It won’t surprise anyone that the real estate market continues to heat up in Northern Virginia, thanks to Amazon’s decision to build its second headquarters there. Sellers are waiting to list and investors are pouncing on available properties, and that means local buyers are losing out.
“Yeah, the investors have made it really difficult for the first-time buyers,” said Redfin realtor Marcia Burgos-Stone.
In her 18 years of experience, Burgos-Stone said she’s seen this kind of market before, but it has been amplified by Amazon. The competition is especially felt by buyers looking for condos, which are often listed low enough for investors to offer cash.
“In general, if you’re a first-time buyer or any condo buyer in Arlington, Alexandria and Falls Church, and you’re buying a condo that’s $500,000 or less, chances are you’re going to be competing with an investor for your property,” Burgos-Stone said.
Burgos-Stone recently represented a buyer who won out over 16 other offers on a condo by striking any contingencies — the small conditions buyers generally put into a contract. And because of the competition, parents are often putting up the cash and buying in with their kids so they can break into the market.
Compounding buyers’ woes, fewer sellers are listing properties in hopes the market will continue to rise as Amazon moves in. Long and Foster’s July market numbers show inventory is down by nearly 60% from last year in Arlington and Alexandria.
The tight market is creating buyer fatigue. Those who can’t compete financially and are willing to commute are moving farther out into Fairfax County, Burgos-Stone said.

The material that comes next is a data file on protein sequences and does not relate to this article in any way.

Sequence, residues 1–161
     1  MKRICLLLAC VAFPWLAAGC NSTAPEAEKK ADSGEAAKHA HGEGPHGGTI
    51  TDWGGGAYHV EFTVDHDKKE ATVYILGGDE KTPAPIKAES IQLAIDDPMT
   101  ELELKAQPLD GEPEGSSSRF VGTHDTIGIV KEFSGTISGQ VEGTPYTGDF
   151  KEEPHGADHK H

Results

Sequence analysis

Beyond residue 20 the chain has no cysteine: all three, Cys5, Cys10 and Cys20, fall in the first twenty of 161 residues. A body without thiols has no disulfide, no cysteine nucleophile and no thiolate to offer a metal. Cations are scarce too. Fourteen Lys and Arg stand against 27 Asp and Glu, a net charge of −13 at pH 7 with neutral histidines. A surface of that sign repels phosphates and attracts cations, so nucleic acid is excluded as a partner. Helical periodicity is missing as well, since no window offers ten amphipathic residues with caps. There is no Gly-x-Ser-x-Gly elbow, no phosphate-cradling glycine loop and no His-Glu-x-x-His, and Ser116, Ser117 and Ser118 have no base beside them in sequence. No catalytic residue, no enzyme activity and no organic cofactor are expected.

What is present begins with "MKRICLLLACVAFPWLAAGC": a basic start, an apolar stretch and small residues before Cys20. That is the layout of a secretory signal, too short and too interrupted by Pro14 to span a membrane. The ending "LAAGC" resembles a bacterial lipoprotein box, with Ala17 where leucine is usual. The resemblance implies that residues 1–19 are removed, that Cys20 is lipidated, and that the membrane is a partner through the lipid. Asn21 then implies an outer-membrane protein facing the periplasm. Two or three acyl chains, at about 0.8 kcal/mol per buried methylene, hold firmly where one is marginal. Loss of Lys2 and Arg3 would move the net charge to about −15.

On the flip side, it’s a good time to sell. While many homeowners are holding out, sellers who cannot wait to list are faring well. Long and Foster’s July report shows every property closed above its asking price.
Kevin Bubel recently sold his town house in Falls Church after deciding to move to Chicago and was surprised by how quickly the property sold. “We sold it in about two days. It was about a premium of $20,000 above the high-water mark in the community,” he said.
Bubel got multiple offers on his house, just a few Metro stops from Amazon’s planned HQ2. However, he said he considered renting the property to maximize his profits, since realtors expect the market will only go up.
“I think the price we set was kind of the price we hoped we might get if we held onto it for a year or so renting it. At the end, you can say we got our Amazon effect by selling it today rather than renting it for sale in the future,” he said.